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Title: Investigating the mechanisms of telomeric mutation in human cells
Author: Alotibi, Raniah Saleem
ISNI:       0000 0004 5372 2138
Awarding Body: Cardiff University
Current Institution: Cardiff University
Date of Award: 2015
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Telomeres are nucleoprotein structures that contain non-coding (TTAGGG) tandem repeats and associated telomere binding proteins at the end of chromosomes. As a consequence of end-replication losses, telomeres undergo gradual erosion with ongoing cell division. It is hypothesised that in addition to the end-replication problem, mutational mechanisms may contribute to telomere erosion by generating large-scale telomeric deletion events. As short dysfunctional telomeres are capable of fusion to other chromosome ends, large-scale telomeric deletions can lead to genomic instability which in turn may drive tumour progression. The primary aim of this thesis was to investigate putative mutational mechanisms that could lead to large-scale telomeric deletion. The role of oxidative stress and it potential contribution to telomere dynamics was assessed. The induction of fragility and replication inhibition at telomeres was also examined. Furthermore, the role that G-quadruplex structure within telomere repeat sequences and the possible induction of replication fork stalling and resolution as single or double stranded breaks was also considered as a mutational mechanism that could lead to telomere deletion. High-resolution analysis of telomere dynamics using Single Telomere Length Analysis (STELA), following the induction of oxidative stress in IMR90 fibroblasts, revealed that oxidative damage does not appear to affect the rate of telomere erosion, or the frequency of large-scale telomeric deletion. The data are more consistent with the view that premature senescence does not arise as a consequence of accelerated telomere erosion, but instead more likely results from stochastic DNA damage across the rest of the genome. The analysis of telomere dynamics following the induction of chromosome fragility, showed that telomere length in Seckel cell (SCK) fibroblasts were significantly different from those of untreated cells following treatments with aphidicolin with an increase in stochastic telomeric deletion. Whilst in MRC5 fibroblasts, the induction of the telomere fragility impacted on the upper to lower allele ratio, with a loss of the longer telomere length distributions. The stabilisation of G-quadruplex structures using the G-quadruplex ligand (RHPS4), together with ATRX knockdown, showed that an absence of ATRX sensitised cells to the ligand, but that the stabilisation of G-quadruplexes, did not significantly affect the telomere dynamics as determined using STELA. Taken together, the data presented in this thesis are not consistent with a role for oxidative stress, or the formation of G-quadruplex structures, in generating large-scale telomeric deletion; however telomeric mutational events may occur following the induction of chromosome fragile sites, specifically in the context of an ATR deficiency.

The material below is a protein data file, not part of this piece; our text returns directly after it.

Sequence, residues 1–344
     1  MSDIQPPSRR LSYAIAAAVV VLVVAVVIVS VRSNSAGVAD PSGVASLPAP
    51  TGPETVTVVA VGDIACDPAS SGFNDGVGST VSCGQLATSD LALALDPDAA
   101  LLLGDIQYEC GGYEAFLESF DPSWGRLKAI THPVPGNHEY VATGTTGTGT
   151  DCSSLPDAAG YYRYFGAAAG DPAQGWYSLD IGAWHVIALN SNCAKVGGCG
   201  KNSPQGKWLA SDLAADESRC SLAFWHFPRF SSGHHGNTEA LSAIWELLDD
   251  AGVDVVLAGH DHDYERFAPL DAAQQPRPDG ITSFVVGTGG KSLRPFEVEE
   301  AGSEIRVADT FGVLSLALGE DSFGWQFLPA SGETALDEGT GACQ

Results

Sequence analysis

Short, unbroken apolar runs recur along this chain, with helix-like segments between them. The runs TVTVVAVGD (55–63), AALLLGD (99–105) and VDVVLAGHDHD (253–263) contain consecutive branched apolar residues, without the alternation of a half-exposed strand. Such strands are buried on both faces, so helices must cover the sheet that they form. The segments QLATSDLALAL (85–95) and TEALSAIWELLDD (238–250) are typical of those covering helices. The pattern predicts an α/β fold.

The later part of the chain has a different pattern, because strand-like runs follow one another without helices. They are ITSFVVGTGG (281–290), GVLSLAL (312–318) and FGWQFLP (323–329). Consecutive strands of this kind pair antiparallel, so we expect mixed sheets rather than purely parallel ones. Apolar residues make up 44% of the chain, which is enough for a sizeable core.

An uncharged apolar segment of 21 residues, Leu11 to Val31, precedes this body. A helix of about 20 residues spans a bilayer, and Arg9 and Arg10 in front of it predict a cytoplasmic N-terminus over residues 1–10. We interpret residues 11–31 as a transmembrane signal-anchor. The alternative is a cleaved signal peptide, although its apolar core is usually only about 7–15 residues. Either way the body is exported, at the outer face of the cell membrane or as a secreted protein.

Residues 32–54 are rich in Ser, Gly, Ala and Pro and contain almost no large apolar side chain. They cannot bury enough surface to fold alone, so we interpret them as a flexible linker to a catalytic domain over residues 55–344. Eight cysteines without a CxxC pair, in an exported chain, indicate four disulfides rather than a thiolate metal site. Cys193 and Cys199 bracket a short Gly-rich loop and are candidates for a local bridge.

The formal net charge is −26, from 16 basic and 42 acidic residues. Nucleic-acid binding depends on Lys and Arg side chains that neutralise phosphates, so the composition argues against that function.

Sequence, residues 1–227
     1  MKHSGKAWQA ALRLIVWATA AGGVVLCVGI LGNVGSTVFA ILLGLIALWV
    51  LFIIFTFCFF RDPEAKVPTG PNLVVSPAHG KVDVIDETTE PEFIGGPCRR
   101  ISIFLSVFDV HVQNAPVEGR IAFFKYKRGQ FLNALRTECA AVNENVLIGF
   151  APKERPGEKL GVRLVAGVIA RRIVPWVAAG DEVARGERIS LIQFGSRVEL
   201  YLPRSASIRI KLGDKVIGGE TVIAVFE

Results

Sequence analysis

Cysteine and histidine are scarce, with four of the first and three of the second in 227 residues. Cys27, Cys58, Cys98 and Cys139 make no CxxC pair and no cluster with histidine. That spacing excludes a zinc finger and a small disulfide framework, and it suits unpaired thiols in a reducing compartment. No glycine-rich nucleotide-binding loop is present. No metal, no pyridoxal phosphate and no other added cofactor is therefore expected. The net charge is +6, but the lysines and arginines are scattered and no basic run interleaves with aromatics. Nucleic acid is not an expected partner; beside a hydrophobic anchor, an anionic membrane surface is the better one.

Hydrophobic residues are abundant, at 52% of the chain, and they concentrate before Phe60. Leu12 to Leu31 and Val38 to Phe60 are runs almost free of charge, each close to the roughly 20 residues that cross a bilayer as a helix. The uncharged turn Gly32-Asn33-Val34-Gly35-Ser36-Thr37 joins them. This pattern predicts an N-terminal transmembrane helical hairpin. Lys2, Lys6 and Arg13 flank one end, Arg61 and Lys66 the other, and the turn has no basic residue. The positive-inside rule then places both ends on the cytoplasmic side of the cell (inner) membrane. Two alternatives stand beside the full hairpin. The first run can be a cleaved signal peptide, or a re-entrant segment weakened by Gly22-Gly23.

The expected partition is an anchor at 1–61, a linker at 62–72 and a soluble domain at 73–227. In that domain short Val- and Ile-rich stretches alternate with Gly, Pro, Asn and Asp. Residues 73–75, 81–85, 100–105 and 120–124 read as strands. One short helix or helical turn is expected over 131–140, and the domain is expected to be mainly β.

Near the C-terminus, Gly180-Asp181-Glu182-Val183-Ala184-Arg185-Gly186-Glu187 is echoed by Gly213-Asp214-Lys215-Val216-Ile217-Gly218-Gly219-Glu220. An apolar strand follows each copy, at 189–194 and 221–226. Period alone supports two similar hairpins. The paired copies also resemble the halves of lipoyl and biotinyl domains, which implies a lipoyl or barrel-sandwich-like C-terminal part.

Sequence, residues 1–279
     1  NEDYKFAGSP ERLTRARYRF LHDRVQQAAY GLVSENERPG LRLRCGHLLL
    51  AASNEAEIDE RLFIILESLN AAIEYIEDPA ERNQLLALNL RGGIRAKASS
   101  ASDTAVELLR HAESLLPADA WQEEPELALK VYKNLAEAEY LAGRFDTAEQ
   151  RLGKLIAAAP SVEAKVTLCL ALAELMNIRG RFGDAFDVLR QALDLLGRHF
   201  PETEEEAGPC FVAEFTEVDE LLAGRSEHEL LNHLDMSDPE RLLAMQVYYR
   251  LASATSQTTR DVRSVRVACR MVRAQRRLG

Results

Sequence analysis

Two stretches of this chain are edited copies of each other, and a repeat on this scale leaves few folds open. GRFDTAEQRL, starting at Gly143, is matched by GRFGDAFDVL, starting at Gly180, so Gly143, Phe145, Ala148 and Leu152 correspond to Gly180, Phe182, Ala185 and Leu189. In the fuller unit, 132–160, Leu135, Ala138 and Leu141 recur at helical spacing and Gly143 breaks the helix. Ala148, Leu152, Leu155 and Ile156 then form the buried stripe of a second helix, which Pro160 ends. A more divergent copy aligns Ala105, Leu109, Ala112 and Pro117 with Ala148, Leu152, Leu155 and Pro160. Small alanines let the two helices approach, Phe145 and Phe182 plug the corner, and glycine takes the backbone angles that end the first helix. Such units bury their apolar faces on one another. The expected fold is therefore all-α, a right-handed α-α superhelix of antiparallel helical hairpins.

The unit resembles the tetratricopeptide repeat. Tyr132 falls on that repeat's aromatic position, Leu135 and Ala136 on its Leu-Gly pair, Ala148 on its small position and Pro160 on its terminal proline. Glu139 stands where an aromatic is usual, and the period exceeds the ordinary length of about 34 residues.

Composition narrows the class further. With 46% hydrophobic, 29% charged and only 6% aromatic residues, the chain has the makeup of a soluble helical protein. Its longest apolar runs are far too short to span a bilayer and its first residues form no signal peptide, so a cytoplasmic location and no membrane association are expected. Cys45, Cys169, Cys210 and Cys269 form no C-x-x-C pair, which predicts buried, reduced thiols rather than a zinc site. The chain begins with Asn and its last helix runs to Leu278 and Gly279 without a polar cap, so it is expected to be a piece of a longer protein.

Supervisor: Not available Sponsor: Not available
Qualification Name: Thesis (Ph.D.) Qualification Level: Doctoral
EThOS ID:  DOI: Not available
Keywords: RC0254 Neoplasms. Tumors. Oncology (including Cancer)